July 4, 1910: America’s first fight of the century
One of the most impactful sites in American sports history is now a salvage yard in Reno, Nevada. On July 4, 1910 it was the site to a prize fight between Jack Johnson and James Jeffries. This fight is known as the “Fight of the Century”.
The early 1900’s was a racist America and when Jack Johnson defeated Tommy Burns in Australia to become the first black heavyweight champion the stage was set for a collision between black and white on a grand scale. Reno was where the battle would take place.
There was a big movement to find someone to wipe the smile off Johnson’s face and take back the prestigious heavy weight title. So as white America began to search for their champion, their great white hope was James Jeffries.
Although undefeated in his career Jeffries had not laced gloves in over five years and was working on his California ranch since retiring in 1905.
Jeffries came out of retirement weighing in at over 300 pounds. He had to cut nearly 70 pounds for the fight. When word got out that Reno would play host to the fight, the Biggest Little City grew over night. Reno’s population at the time was just around 10,000 and over 30,000 boxing fans came through to watch the epic prize fight.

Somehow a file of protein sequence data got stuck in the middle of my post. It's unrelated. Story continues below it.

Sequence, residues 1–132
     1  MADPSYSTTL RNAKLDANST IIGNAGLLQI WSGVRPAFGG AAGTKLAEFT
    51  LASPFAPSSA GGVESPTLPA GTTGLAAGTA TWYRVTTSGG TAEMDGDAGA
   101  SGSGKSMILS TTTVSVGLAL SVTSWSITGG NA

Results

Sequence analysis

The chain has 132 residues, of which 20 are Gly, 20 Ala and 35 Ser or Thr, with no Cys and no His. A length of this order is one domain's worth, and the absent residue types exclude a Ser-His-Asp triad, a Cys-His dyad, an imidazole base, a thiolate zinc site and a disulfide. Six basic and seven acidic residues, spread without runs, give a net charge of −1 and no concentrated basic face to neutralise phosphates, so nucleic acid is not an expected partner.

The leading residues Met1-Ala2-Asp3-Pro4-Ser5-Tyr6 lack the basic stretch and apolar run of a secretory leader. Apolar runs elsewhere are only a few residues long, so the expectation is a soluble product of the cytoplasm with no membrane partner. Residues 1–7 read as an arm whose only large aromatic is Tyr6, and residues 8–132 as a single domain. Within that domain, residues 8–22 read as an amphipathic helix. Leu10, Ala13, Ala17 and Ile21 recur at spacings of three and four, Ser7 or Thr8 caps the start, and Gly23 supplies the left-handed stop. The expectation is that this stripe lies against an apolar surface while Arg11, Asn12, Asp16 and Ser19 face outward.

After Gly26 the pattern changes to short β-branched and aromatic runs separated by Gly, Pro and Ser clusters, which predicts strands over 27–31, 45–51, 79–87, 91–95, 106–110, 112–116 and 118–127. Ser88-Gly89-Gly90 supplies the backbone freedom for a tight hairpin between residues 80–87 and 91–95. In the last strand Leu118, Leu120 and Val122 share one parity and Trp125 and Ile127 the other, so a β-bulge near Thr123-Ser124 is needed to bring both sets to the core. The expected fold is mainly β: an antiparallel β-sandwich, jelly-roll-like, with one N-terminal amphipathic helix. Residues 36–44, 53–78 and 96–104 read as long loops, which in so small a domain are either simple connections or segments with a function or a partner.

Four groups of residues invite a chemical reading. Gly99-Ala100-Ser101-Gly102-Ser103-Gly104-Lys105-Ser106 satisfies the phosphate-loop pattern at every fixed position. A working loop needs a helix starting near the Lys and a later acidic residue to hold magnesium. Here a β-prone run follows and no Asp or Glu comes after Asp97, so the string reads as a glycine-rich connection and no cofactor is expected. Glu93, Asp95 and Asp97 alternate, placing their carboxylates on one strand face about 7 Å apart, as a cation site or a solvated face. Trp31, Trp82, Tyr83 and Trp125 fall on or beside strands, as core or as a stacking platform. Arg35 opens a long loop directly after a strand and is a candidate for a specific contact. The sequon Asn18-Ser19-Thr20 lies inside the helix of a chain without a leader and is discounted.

It was a huge event. The bars downtown did big business, the few hotels that existed at the time were booked solid. It was like Reno was the center of the universe on the day of the fight.
The fight was scheduled for 45 rounds, it lasted 15. Jeffries was knocked down twice in the fifteenth round and at one point was nearly knocked completely out of the ring. Finally the corner of Jeffries came to realize he was too old, too heavy and was simply outclassed. His corner had seen enough and called a stop to the fight.
Fans wanting to see Johnson suffer defeat could only wash away their sorrows at nearby bars and realized that their hope was simply an illusion. The impact of that fight transcended professional prizefighting. The biggest and most significant sporting event of that era took place on our Country’s Independence Day in 1910.